5 “Health” Foods That Are Worse Than a Donut

https://www.yahoo.com/health/5-health-foods-that-are-worse-than-a-donut-100670463498.html

5 “Health” Foods That Are Worse Than a Donut

The American supermarket is like a Halloween parade in reverse. To go trick or treating, neighborhood kids dress up as goblins and try to take sugar out of your hands. But at the supermarket, gruesome creatures dress up as kindly benefactors and try to put sugar into your hands.

At Eat This, Not That!, we’re pulling the mask off of seemingly healthy products seemingly healthy products that are secretly packed with truly unhealthy levels of sweetener. And more and more, health experts are targeting sugar—not fat—as our greatest dietary health scourge. Recently, the World Health Organization announced we should reduce our intake to a tiny 5 percent of daily calories—half of what the organization previously recommended. For someone on a 2000-calorie diet, new guidelines mean a sugar limit of about 100 calories, or 6 sugar packets.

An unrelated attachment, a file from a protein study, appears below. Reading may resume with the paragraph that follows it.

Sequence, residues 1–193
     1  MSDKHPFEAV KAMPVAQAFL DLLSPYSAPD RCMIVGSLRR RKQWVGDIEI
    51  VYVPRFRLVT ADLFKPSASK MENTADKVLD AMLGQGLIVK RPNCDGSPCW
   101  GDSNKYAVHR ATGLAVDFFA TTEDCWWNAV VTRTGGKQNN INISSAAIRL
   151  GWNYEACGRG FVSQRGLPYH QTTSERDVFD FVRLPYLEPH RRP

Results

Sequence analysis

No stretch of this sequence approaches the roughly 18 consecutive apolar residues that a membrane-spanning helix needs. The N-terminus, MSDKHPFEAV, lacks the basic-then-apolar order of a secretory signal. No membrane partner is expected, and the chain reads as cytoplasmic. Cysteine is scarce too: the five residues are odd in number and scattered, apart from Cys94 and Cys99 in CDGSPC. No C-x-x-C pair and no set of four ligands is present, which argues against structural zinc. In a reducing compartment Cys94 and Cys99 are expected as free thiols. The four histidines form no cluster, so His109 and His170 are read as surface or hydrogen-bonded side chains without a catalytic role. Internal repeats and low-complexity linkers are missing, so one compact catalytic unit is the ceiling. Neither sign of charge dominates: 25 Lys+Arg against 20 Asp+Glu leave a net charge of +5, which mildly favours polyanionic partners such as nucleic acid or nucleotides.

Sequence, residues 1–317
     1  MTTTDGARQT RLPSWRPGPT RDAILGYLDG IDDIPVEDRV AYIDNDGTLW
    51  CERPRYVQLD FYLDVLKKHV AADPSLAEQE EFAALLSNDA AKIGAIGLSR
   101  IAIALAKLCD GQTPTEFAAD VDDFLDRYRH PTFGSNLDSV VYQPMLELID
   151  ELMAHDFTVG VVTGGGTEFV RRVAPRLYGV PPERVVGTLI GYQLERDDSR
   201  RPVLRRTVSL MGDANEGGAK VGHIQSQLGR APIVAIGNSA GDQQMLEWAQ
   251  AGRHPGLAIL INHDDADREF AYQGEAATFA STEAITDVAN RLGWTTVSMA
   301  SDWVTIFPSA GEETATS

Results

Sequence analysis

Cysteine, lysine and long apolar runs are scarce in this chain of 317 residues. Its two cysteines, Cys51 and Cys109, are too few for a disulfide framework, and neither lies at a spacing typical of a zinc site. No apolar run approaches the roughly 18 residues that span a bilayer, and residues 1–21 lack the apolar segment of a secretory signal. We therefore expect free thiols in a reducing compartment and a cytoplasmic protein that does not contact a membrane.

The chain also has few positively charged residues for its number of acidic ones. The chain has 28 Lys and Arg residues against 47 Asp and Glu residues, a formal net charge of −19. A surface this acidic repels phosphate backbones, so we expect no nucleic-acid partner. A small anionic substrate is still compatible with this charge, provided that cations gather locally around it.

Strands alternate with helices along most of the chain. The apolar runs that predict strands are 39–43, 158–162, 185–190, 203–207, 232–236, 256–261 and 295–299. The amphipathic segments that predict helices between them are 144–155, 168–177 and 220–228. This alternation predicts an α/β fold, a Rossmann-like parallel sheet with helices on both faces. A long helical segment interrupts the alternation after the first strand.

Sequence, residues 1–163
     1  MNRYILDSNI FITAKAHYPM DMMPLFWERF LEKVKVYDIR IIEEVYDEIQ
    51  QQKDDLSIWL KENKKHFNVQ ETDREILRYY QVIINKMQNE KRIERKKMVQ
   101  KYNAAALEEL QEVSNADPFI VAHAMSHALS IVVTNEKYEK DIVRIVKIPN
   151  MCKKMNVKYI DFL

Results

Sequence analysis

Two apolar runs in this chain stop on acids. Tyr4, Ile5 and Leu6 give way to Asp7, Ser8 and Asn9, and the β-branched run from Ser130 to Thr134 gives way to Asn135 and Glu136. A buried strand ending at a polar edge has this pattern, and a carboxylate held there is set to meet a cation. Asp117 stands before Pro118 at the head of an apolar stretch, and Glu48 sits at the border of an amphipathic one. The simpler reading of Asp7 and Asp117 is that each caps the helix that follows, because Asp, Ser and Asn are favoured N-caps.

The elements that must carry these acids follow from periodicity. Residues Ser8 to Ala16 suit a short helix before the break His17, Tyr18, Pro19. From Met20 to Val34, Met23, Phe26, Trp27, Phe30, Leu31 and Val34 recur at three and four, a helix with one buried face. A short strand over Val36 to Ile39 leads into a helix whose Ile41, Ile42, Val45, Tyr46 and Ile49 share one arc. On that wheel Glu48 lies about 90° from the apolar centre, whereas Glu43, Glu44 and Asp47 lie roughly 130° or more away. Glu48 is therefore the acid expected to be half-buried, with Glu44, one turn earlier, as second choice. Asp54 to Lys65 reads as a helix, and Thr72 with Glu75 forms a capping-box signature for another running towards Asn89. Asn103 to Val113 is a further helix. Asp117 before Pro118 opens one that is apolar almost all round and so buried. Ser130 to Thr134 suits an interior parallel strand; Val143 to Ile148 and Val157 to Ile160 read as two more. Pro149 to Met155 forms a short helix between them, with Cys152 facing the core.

How hard could it be to limit yourself to 6 sugar packets a day? A lot harder than you think. Sugar is in thousands of places where it doesn’t belong, dressed up in disguises like corn syrup, maltodextrin and sucrose. Eat This, Not That! found five hidden sources of sugar you need to know about—“healthy” foods that, in some cases, serve up more sugar you’ll find in half a dozen donuts!

“HEALTH” FOOD IMPOSTOR #1: Whole Grain Cereal

Cascadian Farms Cinnamon Raisin Granola

Per cup: 345 calories, 4.5 g fat, 27 g sugar

SUGAR EQUIVALENT: More than 6 Dunkin’ Donuts Sugar Raised Donuts!

 It may not shock you that cereals with the words “froot” or “chocolatey” on the box contain added sugar; but equally devious are certain “healthy,” “whole grain” cereals. Steer Clear of the Three C’s: “Crunch,” “Crisps,” and “Clusters.” These words usually mean that there are clumps of crispy rice held together by sugar and fat. (To get your granola on without the sugar buzz, check out these store-bought granolas packed with awesome flavor, not artificial flavorings. )

Eat This Instead:

Kashi Autumn Wheat Whole Wheat Biscuits

Per cup: 180 calories, 1 g fat, 7 g sugar

“HEALTH” FOOD IMPOSTOR #2: Dried Fruit

Ocean Spray, Craisins, Original

Per ¼ cup: 130 calories, 0 g fat, 29g sugar

SUGAR EQUIVALENT: More than 7 Dunkin’ Donuts Sugar Raised Donuts!